On May 8, Japanese pharmaceutical giant Takeda announced it had finally come to an agreement to acquire Dublin-based drug maker Shire. The acquisition follows four previously unsuccessful offers from Takeda, dating back to March.
The deal, which values Shire at £46bn ($62bn), will see Takeda become one of the 10 largest pharmaceutical companies in the world by sales, as well as putting the company in a leading position in the treatment of rare diseases. Takeda’s main areas of focus moving forward will be neuroscience, oncology, gastroenterology and vaccines.
The Japanese company’s global footprint will be significantly bolstered by the addition of Shire’s assets, particularly those in the lucrative US market. Takeda has revealed it expects pre-tax cost synergies to reach $1.4bn after three years, mostly stemming from the integration of redundant infrastructure within the two companies.
Takeda’s global footprint will be significantly bolstered by the addition of Shire’s assets, particularly those in the lucrative US market
“Shire’s highly complementary product portfolio and pipeline, as well as experienced employees, will accelerate our transformation for a stronger Takeda,” said Takeda President and CEO Christophe Weber in a statement.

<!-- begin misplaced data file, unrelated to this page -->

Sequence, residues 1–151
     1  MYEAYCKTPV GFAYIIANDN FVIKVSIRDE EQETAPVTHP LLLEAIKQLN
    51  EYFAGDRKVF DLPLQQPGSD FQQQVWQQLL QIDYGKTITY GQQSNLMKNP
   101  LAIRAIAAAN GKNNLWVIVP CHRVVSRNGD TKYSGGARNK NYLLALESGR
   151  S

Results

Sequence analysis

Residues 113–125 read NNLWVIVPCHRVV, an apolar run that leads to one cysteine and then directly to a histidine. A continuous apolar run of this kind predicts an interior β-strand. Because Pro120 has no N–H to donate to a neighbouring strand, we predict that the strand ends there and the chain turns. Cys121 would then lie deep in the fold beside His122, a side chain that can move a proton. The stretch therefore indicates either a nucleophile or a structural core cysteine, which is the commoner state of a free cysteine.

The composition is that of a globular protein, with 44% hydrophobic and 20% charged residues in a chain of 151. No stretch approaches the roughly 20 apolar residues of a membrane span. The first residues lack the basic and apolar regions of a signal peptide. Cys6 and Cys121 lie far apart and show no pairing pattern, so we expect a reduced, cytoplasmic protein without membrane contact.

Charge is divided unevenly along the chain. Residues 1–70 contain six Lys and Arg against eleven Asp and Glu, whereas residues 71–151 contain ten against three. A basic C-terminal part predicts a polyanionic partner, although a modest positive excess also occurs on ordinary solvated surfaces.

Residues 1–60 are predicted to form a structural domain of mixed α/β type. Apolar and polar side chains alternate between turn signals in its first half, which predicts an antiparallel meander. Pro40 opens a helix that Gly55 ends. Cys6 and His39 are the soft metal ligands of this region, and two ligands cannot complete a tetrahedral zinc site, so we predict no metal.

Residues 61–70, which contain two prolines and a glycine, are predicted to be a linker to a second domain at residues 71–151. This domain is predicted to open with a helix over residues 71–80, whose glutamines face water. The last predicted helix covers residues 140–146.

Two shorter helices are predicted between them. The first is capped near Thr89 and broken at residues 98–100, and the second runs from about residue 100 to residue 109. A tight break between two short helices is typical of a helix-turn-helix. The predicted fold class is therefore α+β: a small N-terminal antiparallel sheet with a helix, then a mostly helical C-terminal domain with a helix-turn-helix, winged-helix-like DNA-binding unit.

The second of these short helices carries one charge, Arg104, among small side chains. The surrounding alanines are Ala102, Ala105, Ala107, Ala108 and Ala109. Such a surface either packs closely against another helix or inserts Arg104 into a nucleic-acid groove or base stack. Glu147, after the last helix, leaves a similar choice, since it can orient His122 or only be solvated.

“Together, we will be a leader in providing targeted treatments in gastroenterology, neuroscience, oncology, rare diseases and plasma-derived therapies.
“We are looking forward to the benefits this combination will bring to patients worldwide, the opportunities it will bring for our employees and the returns it will deliver for our shareholders.”
The proposed merger was complicated in April, when Shire sold its oncology business to France’s Servier, removing one of Takeda’s key motivations for seeking the acquisition. Takeda’s cancer-treatment portfolio had already been supplemented in early 2017, however, with the purchase of oncology specialist firm ARIAD Pharmaceuticals.
Despite having a significantly lower market cap than Shire, Takeda was able to obtain $30.85bn from a number of institutions – including JPMorgan Chase, Sumitomo Mitsui and MUFG Bank – in order to finance the takeover. The deal is expected to close in the first half of 2019.